Well, translating is a wonderful form of reading; it may be the most intense form of reading, and whenever you read a great work, it's going to affect your own work. I think working on this translation brought me a new intimacy with and appreciation of the physicality of poetry. Dante is so tactile, so sensuous a writer, and trying to get some of those effects in a parallel way or a simulacrum or an equivalent way in English gave me a heightened sense of the importance of physical sounds, like going to all those Germanic roots or the Old English roots in the passage you mentioned.

And I've noticed some of those appearing in the new poems in The Figured Wheel...

Yes, I think so, and...wait, excuse me a minute. [A brief pause] Excuse me, I had some photographers here.

It's all right; I'm sure your schedule must be constrained at all times.

Well, I do find that everything has to be written down, so it doesn't get completely crazy. Some guys were here taking my picture; I thought they were going to be gone when you called. They were finished, but they were still packing up.

You must have far more requests than you can handle. How do you make those decisions?

It's a great question. There are some things that just seem, to use my booking agent's expression — he will say, "This is just a good Poet Laureate thing to do." There will be some things that just seem as though this is what the post was created for, something that involves encouraging somebody who's doing a very good job, bringing poetry into schools or something where you what to enourage and support something that's very worthy. And sometimes it's a personal connection. Or if it's something that seems to involve some national thing, like I was invited to go to the birthday party of Old Ironsides, the U.S.S. Constitution here in Boston, which happens to be a ship that was saved by a poem. Oliver Wendell Holmes wrote that poem [after a newspaper article in 1830 proposed dismantling the ship], and it seemed like that was something one ought to do.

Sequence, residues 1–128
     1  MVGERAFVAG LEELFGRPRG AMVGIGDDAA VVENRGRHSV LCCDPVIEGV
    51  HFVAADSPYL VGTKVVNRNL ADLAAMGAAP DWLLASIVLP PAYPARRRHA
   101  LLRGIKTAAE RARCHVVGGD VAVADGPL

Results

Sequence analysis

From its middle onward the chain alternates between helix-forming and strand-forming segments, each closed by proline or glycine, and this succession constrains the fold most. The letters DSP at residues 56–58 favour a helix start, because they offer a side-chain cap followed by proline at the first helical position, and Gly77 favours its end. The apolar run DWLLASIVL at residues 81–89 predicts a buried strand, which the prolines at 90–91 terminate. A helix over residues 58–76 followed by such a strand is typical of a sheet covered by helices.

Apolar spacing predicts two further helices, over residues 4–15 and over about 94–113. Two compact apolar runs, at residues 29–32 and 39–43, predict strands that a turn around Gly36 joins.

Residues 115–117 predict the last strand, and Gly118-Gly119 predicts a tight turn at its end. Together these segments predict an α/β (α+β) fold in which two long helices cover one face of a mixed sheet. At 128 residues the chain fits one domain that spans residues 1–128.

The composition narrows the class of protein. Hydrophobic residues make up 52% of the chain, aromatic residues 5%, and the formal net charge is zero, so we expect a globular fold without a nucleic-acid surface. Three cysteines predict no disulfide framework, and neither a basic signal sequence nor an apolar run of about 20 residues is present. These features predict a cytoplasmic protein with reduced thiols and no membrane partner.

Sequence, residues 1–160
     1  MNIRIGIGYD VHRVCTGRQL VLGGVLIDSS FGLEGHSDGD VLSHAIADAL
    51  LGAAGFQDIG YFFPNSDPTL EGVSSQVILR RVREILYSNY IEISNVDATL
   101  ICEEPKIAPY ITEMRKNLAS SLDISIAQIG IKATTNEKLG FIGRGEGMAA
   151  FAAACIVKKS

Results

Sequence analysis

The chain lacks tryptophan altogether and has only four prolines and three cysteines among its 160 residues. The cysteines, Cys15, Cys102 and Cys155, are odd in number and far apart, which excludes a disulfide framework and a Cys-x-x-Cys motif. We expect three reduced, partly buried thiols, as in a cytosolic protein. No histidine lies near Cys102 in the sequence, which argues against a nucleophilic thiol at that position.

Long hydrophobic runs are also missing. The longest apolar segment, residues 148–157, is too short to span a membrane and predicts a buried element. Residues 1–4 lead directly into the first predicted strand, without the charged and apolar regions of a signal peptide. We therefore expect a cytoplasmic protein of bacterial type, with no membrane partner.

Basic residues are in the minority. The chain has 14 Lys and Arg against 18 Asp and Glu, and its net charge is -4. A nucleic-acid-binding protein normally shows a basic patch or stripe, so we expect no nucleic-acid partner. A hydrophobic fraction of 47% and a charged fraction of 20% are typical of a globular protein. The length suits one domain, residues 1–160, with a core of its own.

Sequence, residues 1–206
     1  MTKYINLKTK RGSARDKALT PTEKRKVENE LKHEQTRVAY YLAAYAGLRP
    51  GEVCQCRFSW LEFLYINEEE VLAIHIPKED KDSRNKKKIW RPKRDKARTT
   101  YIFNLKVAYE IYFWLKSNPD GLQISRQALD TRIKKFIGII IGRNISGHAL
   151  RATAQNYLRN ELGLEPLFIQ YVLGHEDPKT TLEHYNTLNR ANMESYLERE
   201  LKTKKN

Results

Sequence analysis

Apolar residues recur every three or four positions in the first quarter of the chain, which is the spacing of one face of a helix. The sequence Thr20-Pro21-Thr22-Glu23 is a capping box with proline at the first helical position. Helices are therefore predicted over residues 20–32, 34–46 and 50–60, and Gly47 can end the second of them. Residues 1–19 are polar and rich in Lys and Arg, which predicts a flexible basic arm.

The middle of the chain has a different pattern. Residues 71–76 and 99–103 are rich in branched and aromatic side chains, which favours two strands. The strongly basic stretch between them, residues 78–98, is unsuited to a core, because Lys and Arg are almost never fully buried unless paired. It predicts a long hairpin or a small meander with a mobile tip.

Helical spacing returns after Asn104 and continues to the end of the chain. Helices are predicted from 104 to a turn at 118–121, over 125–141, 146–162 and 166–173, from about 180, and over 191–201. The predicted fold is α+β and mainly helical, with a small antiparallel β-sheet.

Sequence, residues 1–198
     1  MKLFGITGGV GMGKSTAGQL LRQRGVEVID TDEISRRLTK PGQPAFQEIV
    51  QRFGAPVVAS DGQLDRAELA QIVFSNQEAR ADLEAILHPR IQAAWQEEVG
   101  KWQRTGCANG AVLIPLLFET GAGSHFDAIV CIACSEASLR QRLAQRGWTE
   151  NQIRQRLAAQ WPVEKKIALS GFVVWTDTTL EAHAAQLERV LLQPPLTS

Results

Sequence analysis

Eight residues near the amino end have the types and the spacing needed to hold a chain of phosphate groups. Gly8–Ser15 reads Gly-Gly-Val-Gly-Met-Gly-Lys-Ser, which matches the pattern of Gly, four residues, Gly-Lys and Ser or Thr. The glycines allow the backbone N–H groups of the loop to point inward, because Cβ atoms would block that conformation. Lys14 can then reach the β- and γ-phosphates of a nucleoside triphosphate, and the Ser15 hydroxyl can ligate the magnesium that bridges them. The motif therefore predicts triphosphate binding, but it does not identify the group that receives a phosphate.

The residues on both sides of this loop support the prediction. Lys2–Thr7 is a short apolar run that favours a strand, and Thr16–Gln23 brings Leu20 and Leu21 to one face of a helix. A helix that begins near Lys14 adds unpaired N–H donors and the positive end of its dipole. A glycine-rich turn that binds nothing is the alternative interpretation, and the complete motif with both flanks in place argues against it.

A few years ago, Rita Dove did a lot to help redefine what a Laureate "ought to do." How do you think the role of the Laureate has changed?

I think it has changed in response to the change in the times. I think that there's been a notable upsurge of interest in poetry and the practice of poetry, and in response to that change in the culture the office of Laureate in a typically American way has sort of improvised itself into something somewhat different.

So what are you hoping will be your trademark or your legacy?

I have a project that I hope to complete, which is to create an audio and video archive of many, many Americans saying aloud a poem that person loves. I hope to have a very wide range of regional accents, a range of ages, professions, kinds of education, and it will not concentrate on poets or critics or experts. The idea will be to establish a record at the millenium of the life of poetry in the United States, outside of any professional microcosm of poetry. This project will be sponsored by the Library of Congress, as part of their bicentennial celebration, and I hope it will also be part of the country's millenial celebration.

from Meridian (Spring 1998). Online Source